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Explainer: How Did Inequality in America Get So Bad? And What Can the Government Do to Fix It? | The Nation

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Explainer: How Did Inequality in America Get So Bad? And What Can the Government Do to Fix It?

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In one of the more odd recent pairings, both the wonks at the Congressional Budget Office and the activists occupying Wall Street and beyond have come to the same conclusion: inequality is skyrocketing and one percent of the country is taking home a bigger and bigger share of all the income in the country. The CBO just released a study, years in the making, which confirms that the income for the top one percent has nearly tripled from 1979 to 2007. And not only are those in the top one percent much richer, they also take home a larger share of the economy as a whole than they did thirty years ago. What caused this? And what, if anything, can the government do about it? Below, Mike Konczal explains.

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About the Author

Mike Konczal
Mike Konczal is a Fellow at the Roosevelt Institute. He blogs at Rortybomb and New Deal 2.0.

How did inequality skyrocket so dramatically during this time period?

The first place to look is how those in that top one percent are making their money. And when we do, we see that a large majority of one-percenters works in the financial industry or are high-level corporate executives, including CEOs of large multinational corporations. Thirty years ago, a CEO would make around forty times as much as one of his workers. Now it is over 300 times as much. There’s a debate over whether or not CEO pay has gotten so high because corporations have gotten so big, or because CEOs have a lot of control over the boards that appoint them to office. But whatever the immediate cause, Wall Street pay soared as deregulation of the financial sector—the kind that brought on the financial crisis—continued.

So CEOs get paid a lot while workers earn too little. Is this inequality the inevitable outcome of a competitive marketplace?

Remember: the government writes the rules for how markets work. Markets aren’t “natural.” Property rights, regulations and other rules of the marketplace are derived from the law, and they can be written and rewritten to either promote or fight inequality. Over the past thirty years, the government had been changing the rules in ways that have grown inequality.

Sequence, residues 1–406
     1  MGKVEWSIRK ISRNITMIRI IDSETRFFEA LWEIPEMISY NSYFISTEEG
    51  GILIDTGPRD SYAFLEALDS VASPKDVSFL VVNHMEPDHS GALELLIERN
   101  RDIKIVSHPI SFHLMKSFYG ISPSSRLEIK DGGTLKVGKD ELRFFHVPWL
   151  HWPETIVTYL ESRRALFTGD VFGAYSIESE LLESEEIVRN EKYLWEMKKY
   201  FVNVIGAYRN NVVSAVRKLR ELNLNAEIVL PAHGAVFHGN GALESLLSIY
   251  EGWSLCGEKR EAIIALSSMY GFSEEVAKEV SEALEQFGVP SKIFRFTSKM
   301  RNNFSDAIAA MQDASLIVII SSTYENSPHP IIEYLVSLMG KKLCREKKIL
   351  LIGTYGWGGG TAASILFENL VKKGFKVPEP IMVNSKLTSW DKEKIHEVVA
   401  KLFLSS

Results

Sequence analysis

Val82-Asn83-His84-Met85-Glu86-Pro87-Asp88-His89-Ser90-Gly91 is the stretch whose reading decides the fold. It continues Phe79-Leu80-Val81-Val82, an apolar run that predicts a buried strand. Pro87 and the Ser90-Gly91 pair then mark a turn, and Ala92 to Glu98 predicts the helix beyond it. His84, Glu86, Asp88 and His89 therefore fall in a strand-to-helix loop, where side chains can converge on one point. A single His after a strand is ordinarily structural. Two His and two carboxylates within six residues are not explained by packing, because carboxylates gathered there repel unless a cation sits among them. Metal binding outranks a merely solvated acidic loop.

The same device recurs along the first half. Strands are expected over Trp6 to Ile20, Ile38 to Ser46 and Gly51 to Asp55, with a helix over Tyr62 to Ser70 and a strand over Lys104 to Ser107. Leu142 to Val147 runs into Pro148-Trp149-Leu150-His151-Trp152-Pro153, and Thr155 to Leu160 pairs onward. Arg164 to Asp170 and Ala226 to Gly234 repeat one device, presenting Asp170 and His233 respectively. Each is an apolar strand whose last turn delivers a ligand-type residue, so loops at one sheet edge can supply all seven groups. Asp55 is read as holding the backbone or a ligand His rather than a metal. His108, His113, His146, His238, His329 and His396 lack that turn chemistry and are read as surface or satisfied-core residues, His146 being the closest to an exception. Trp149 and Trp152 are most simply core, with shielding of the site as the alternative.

The dismantling of the fragile New Deal–era financial regulations over this time period tracked an explosion in salaries for those who work in the financial sector. Inequality at the top end, particularly at the top 0.1 percent, is largely a function of those highly paid employees. If the financial sector produced mass prosperity, those salaries might be worth it. But now that we’ve survived bubbles, knowingly created bad financial instruments and bailouts for “too big to fail“ firms, it’s clear that financial services industry is not a generator of wealth for the average taxpayer.

Meanwhile, the rules that determine what constitutes property itself have been turned into a mechanism for inequality. As Dean Baker recently wrote in his book Loser Liberalism, patent laws allow incumbents and shareholders to reap windfalls. The Organization for Economic Cooperation and Development, for instance, found that the number of patents per capita was the most important factor for determining redistribution of wealth towards the top.

To put how big these effects can be, consider, as Baker puts it, that “as a result of patent protection, we pay almost $300 billion a year for prescription drugs that would sell for about $30 billion a year in a free market. The difference of $270 billion is more than 5 times as large as the amount at stake with the Bush tax cuts.”

So, I’m with you on the dramatic increase in wealth for the richest. Have the rules of the marketplace been changed to depress wages for the rest?

In a word, yes. Median wages have essentially shown no growth over the past thirty years when you control for inflation. This wage stagnation, for men, looks to be a function of decreased unionization. Unionization rates were above 25 percent in the late 1970s. Now they are under 12 percent. For women, the decline in the real value of the minimum wage over time has increased inequality at the low end of the income scale, and since women earn less than men on average, this drop in the minimum wage particularly increases inequality within the female workforce. Inequality for women has also gone up as a result of the minimum wage not being increased and losing a lot of its value throughout the 1980s.

The United States government also has pursued a strong dollar policy, making it harder for manufacturers to export their products to other countries. And international trade has been structured to put manufacturing in direct competition with other countries.